Hidden Gems: Lanseria and Muldersdrift
Off the beaten track
in Lanseria and Muldersdrift
You've probably driven past it twenty times without the faintest inkling it was there. Set within an industrial development (The Lanseria Centre) that borders Lanseria Airport, Culinary Table hides in plain sight. "Strange location" I hear you utter, well there's a story behind that...
It began, and still is, a culinary equipment showroom, Executive Chef Daniela Gutstadt, daughter of owner Wehrner Gutstadt explains "The idea happened as a natural progression from our demonstration kitchen in the showroom - we'd constantly use the kitchen to test and demonstrate the equipment so it became the norm to have ingredients stocked in the fridge, and the result was the daily accumulation and consumption of really delicious food."
In 2013 they transformed a portion of the showroom into a sixty-seater restaurant. Word of their culinary prowess quickly spread and further expansion became a necessity. So they tripled the volume creating a plush 180 seater with an adjoining butchery, bakery and deli as well as an outside dining area framed by a weaving maze of gardens and greenhouses where they grow the majority of vegetables for their menu.
For you see, this isn't just another restaurant; Daniela and her father wanted to create a holistic restaurant offering where they could celebrate their shared passion for seasonality, traceability, sustainability, top-quality free-range ingredients and a nose-to-tail ethos of cooking.
Everything is made from scratch making it a totally immersive, theatrical dining experience. The kitchen is completely open-plan and divided into various artisanal stations: pasta, bread-making and pastry sections where you'll encounter croissant pastry being folded between layers of farm butter and pasta dough being rolled, the butchery where you'll see sausages, salami and biltong being made, different cuts of beef and lamb being prepared and hung in their dry-aging cold room, and the main kitchen where you'll witness frying, braising, sous vide and even smoking and braaing in their charcoal-powered Josper oven.
The breakfast menu has all the traditional favourites executed to perfection: think French toast, Eggs Benedict, shakshuka, steak egg and chips, waffles and smoked trout rostis. The lunch menu changes weekly depending on what's available and fresh from their garden. Daniela has a passion for doing things properly, authenticity is the key,
Their lunch menu is an amalgamation of provincial European dishes and street-side café fare. Standout dishes include their moule frites, braised oxtail, pulled lamb neck ragu, gourmet burgers and steaks served with downright delectable hand-cut parmesan fries, and a simple but salacious soup of the day accompanied by a grilled three cheese sandwich - it's to die for. They're also renowned for their family-style roasts served on weekends: slow-cooked lamb shoulder with gravy and mint sauce, herb-butter rotisserie chickens and whole silver fish roasted in the wood-fired oven with lemon and thyme. I ask Daniela if people know the lengths they go to make each dish and she smiles and responds, "I don't think people realise the full extent of our efforts, but that doesn't matter because we'd do it anyway.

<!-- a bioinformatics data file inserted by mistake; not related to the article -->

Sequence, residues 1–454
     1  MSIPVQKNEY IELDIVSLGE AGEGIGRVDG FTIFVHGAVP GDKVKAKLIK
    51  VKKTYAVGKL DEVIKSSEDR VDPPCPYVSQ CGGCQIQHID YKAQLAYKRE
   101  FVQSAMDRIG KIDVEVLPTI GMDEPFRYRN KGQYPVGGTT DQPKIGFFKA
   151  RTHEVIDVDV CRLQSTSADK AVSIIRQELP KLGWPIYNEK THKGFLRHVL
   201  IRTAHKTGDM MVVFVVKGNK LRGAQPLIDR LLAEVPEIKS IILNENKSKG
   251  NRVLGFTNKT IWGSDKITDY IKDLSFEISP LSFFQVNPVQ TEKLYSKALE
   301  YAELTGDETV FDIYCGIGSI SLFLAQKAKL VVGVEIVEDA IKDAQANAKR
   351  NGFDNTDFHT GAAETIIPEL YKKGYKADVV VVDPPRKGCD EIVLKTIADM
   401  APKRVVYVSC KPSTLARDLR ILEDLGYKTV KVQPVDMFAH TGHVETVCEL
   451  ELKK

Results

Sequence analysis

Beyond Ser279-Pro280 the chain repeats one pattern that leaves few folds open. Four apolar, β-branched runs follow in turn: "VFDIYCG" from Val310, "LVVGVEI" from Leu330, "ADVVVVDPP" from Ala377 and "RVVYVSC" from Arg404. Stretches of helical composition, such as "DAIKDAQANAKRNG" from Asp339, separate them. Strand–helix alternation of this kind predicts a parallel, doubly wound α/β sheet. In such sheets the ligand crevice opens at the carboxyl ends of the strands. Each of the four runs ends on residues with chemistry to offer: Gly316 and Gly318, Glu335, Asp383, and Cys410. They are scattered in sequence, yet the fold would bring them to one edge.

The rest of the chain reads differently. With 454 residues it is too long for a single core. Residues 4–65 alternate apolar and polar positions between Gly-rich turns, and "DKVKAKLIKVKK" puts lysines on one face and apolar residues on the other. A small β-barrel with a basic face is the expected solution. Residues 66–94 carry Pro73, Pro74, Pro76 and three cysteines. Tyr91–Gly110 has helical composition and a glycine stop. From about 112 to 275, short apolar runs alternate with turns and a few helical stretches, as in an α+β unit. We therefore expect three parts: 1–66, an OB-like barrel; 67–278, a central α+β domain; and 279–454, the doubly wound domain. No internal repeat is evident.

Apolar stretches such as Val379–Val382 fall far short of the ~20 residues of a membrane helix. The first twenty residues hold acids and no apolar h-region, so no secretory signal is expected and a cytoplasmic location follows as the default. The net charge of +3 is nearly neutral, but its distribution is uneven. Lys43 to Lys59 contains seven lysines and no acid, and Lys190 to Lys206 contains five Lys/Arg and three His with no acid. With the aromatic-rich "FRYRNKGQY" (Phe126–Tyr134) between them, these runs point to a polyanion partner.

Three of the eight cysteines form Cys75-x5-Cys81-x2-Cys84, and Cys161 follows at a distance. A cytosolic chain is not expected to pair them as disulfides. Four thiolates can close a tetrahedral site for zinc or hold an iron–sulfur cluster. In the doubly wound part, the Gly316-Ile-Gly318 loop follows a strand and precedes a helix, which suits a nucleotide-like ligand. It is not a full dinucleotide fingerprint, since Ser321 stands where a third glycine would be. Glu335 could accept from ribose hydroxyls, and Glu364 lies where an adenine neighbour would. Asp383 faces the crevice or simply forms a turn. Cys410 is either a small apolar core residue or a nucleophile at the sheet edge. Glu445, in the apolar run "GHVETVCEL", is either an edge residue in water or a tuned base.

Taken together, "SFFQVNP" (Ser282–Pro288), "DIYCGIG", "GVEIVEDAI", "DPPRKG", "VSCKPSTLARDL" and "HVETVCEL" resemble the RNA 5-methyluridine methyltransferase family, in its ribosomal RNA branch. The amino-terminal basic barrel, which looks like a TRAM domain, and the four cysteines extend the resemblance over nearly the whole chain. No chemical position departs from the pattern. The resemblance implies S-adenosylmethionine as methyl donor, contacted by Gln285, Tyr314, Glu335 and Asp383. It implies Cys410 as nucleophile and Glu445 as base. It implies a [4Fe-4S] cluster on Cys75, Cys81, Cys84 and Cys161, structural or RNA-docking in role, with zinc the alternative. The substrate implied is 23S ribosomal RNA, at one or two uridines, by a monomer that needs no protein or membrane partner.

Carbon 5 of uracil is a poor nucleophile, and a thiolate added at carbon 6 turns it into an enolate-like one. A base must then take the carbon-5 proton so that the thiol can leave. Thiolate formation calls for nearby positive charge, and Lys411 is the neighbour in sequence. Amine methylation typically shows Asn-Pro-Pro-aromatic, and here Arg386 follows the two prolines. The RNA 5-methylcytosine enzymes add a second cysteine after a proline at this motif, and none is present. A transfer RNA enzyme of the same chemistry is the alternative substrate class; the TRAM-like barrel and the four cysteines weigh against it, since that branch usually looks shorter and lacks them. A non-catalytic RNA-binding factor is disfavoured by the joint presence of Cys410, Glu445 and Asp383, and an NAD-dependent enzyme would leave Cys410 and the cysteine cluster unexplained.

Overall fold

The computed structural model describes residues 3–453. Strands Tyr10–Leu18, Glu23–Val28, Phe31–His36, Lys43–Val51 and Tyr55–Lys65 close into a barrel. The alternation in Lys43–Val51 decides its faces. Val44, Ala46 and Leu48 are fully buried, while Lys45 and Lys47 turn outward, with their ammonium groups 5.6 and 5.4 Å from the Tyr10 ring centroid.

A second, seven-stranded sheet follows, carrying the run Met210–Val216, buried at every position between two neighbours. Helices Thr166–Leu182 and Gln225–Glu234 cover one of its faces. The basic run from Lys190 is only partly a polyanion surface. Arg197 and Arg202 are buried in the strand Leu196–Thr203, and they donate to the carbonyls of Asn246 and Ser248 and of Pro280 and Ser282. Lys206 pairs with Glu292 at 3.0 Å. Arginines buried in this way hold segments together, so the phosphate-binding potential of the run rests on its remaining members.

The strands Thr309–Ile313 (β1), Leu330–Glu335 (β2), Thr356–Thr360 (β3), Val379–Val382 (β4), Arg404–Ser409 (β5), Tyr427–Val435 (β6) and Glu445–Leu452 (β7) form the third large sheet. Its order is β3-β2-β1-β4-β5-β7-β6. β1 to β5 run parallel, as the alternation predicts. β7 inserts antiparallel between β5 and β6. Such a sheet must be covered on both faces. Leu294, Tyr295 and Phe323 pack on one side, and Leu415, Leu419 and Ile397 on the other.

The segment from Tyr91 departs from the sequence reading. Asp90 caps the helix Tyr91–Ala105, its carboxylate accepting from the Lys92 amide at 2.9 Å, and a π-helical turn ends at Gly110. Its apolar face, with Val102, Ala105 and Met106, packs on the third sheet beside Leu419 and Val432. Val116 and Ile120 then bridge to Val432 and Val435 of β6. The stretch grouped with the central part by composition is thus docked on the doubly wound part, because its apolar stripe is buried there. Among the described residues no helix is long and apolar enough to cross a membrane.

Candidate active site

And the pièce de résistance: whilst you’re there you can order a box bursting with organic veggies picked fresh from their gardens for R150.
For more information, visit Culinary Table's website.
It's a wonderfully eclectic mix of mismatched furniture and topsy-turvy structures intermingled with water features and rolling lawns, all set against a backdrop of The Cradle of Humankind. It's a quirky 'roadside country restaurant' that happened by accident, but now plays host to hundreds of eager cyclists and day-trippers every weekend.
Owner Garth Mes had the farm for thirty years before deciding to take on a small restaurant venture. He took a year off work and with the help of a few builders and some YouTube videos they constructed a 50 seater eatery. But it snowballed: visitor numbers skyrocketed and they had to build on a deli and quadruple the seating just to cope.
Garth's as down to earth as they come and refreshingly honest about their creation, "Our food is good, it's really good, but sometimes the service can be lacking - it's not that it's bad, it just gets so busy: when a hundred people walk in at the same time things can be slow and people get frustrated, but as soon as they taste the food all is forgiven."
Kids are free to run amuck whilst parents put their feet up. It's the perfect rough and tumble escape from the city: close enough not to be a tiresome excursion, but far away enough to feel like you've had a break from it all.
Garth takes me into the kitchen to meet all the chefs, I shake their hands and they each talk me through their responsibilities. Each individual takes such pride in what they do, there's love in their cooking and you can taste it.
Their breakfasts and their pizzas are their main attraction. Thulani, their award-winning pizza chef was trained by an Italian chef and his pizzas are superb: thin crusted, slightly charred around the edges with stretchingly-good mozzarella and heaps of toppings. On the breakfast front their eggs Benedict is both delicious and surprising: a potato rosti topped with gypsy ham, brie cheese, poached eggs and hollandaise - I thought it would be too rich, but it absolutely works.
Other delights include pumpkin fritters with poached eggs, avo and turmeric oil, an oven-baked breakfast bowl, freshly-baked scones, omelettes and a seriously decadent breakfast calzone.
So take a detour one of these weekends; meander off the beaten track, slow down, take a moment to smell the flowers and get a taste for Joburg's countryside... you won't regret it.
Visit Bidon Bistro's website to find out more.